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Re: index-only scans

From: Robert Haas <robertmhaas(at)gmail(dot)com>
To: Marti Raudsepp <marti(at)juffo(dot)org>
Cc: Heikki Linnakangas <heikki(dot)linnakangas(at)enterprisedb(dot)com>, Kääriäinen Anssi <anssi(dot)kaariainen(at)thl(dot)fi>, Kevin Grittner <Kevin(dot)Grittner(at)wicourts(dot)gov>, "postgres(at)cybertec(dot)at" <postgres(at)cybertec(dot)at>, "pgsql-hackers(at)postgresql(dot)org" <pgsql-hackers(at)postgresql(dot)org>
Subject: Re: index-only scans
Date: 2011-09-26 00:46:22
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Lists: pgsql-hackers
On Sun, Sep 25, 2011 at 2:43 PM, Marti Raudsepp <marti(at)juffo(dot)org> wrote:
> On Sun, Aug 14, 2011 at 00:31, Heikki Linnakangas
> <heikki(dot)linnakangas(at)enterprisedb(dot)com> wrote:
>> That is somewhat compensated by the fact that tuples that are accessed more
>> often are also more likely to be in cache. Fetching the heap tuple to check
>> visibility is very cheap when the tuple is in cache.
>> I'm not sure how far that compensates it, though. I'm sure there's typically
>> nevertheless a fairly wide range of pages that have been modified since the
>> last vacuum, but not in cache anymore.
> Would it make sense to re-evaluate the visibility bit just before a
> page gets flushed out from shared buffers? On a system with no long
> transactions, it seems likely that a dirty page is already all-visible
> by the time bgwriter (or shared buffers memory pressure) gets around
> to writing it out. That way we don't have to wait for vacuum to do it
> and would make your observation hold more often.

This has been suggested before, and, sure, there might be cases where
it helps.  But you need to choose your test case fairly carefully.
For example, if you're doing a large sequential scan on a table, the
ring-buffer logic causes processes to evict their own pages, and so
the background writer doesn't get a chance to touch any of those
pages.  You need some kind of a workload where pages are being evicted
from shared buffers slowly enough that it ends up being the background
writer, rather than the individual backends, that do the work.  But if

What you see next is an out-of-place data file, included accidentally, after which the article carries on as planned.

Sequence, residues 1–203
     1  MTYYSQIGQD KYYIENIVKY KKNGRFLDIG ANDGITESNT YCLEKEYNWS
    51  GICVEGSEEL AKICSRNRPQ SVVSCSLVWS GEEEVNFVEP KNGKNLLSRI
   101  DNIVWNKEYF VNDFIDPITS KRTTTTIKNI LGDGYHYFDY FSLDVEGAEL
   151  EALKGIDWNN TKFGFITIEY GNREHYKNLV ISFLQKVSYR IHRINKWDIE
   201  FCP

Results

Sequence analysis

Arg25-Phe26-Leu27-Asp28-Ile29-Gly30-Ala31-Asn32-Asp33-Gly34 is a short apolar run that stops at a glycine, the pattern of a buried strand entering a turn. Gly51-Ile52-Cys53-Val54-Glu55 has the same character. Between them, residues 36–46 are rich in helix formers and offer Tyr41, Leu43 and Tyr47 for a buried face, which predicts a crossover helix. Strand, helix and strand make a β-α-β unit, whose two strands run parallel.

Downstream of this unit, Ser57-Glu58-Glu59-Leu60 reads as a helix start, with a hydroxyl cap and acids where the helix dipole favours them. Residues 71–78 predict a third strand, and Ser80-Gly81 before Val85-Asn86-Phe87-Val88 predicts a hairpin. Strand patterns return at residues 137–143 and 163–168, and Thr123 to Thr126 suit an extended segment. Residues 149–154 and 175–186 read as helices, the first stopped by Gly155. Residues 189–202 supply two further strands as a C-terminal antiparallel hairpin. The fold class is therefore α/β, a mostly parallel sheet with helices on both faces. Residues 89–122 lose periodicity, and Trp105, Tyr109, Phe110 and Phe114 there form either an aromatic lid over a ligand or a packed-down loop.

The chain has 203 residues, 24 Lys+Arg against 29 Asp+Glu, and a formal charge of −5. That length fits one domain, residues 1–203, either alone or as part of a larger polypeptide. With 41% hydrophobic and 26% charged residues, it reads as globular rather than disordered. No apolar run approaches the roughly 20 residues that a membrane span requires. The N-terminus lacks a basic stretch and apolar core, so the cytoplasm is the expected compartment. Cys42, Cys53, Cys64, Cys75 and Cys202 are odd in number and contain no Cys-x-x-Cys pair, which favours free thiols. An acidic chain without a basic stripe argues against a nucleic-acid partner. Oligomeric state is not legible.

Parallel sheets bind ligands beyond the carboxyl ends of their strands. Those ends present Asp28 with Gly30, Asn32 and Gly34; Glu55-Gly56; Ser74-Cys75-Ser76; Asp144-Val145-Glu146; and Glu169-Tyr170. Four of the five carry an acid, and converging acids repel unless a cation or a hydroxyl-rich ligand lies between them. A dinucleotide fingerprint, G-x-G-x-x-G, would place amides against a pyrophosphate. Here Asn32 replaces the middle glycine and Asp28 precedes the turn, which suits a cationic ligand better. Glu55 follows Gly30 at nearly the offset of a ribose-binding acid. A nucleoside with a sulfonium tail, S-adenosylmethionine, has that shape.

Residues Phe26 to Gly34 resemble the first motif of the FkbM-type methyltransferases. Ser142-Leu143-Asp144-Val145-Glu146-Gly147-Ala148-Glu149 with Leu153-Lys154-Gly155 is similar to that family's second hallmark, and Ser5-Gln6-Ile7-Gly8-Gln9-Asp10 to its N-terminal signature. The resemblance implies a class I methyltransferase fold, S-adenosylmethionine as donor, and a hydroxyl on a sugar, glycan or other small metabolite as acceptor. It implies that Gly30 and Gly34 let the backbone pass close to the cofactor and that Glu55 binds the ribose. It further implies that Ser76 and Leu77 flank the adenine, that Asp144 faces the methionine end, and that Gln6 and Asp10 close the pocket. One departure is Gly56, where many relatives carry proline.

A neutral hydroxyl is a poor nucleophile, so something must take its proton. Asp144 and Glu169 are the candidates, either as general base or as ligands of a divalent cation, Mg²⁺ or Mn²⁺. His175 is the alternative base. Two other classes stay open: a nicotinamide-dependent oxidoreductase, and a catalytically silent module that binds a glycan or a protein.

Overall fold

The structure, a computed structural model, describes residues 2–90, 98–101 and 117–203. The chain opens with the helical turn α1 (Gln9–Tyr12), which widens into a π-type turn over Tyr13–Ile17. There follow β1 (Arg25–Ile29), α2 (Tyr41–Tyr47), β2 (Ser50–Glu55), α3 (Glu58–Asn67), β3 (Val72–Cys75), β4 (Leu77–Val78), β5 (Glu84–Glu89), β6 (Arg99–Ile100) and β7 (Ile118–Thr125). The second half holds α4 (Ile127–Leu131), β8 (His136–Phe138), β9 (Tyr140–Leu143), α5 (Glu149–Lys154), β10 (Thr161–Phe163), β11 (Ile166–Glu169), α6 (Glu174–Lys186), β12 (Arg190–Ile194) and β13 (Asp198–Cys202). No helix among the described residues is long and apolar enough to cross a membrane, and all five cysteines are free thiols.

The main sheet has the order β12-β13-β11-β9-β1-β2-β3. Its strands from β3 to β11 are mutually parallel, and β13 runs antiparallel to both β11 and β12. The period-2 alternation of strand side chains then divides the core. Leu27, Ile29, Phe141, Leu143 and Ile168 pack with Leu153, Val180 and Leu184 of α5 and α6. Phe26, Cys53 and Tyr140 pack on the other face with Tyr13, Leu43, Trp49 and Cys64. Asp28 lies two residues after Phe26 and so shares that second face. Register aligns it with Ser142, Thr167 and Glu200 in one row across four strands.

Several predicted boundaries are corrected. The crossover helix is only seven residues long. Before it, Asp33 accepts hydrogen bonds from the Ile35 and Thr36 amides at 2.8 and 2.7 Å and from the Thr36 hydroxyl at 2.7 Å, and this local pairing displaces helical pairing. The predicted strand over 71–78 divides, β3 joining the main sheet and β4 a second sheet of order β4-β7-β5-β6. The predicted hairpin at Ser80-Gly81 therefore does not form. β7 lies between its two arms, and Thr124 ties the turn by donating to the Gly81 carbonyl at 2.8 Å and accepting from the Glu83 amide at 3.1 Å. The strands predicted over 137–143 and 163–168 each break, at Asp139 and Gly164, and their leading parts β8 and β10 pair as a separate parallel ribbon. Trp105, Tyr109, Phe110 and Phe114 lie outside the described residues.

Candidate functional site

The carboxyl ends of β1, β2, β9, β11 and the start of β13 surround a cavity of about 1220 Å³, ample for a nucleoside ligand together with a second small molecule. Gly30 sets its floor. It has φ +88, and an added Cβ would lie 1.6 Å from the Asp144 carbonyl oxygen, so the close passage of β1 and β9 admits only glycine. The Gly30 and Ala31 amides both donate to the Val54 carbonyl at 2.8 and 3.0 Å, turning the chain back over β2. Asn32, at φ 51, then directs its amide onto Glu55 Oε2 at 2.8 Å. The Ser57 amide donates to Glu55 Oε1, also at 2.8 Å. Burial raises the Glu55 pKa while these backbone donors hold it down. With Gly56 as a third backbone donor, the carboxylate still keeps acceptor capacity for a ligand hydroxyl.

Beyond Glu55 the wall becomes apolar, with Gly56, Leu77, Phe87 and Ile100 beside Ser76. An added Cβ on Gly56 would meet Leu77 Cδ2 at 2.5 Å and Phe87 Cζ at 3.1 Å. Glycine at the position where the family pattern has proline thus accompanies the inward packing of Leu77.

you have that kind of workload, then we can infer that most of your
working set fits into shared buffers.  And in that case you don't
really need index-only scans in the first place.  The main point of
index only scans is to optimize the case where you have a gigantic
table and you're trying to avoid swamping the system with random I/O.
I'm not saying that such a change would be a particularly bad idea,
but I'm not personally planning to work on it any time soon because I
can't convince myself that it really helps all that much.

I think the real solution to getting visibility map bits set is to
vacuum more frequently, but have it be cheaper each time.  Our default
autovacuum settings vacuum the table when the number of updates and
deletes reaches 20% of the table size.  But those settings were put in
place under the assumption that we'll have to scan the entire heap,
dirtying every page that contains dead tuples, scan all the indexes
and remove the associated index pointers, and then scan and dirty the
heap pages that contain now-dead line pointers a second time to remove
those.  The visibility map has eroded those assumptions to some
degree, because now we probably won't have to scan the entire heap
every time we vacuum; and I'm hoping we're going to see some further
erosion.  Pavan has a pending patch which, if we can work out the
details, will eliminate the second heap scan; and we've also talked
about doing the index scan only when there are enough dead line
pointers to justify the effort.  That, it seems to me, would open the
door to lowering the scale factor, maybe by quite a bit - which, in
turn, would help us control bloat better and get visibility map bits
set sooner.

Robert Haas
The Enterprise PostgreSQL Company

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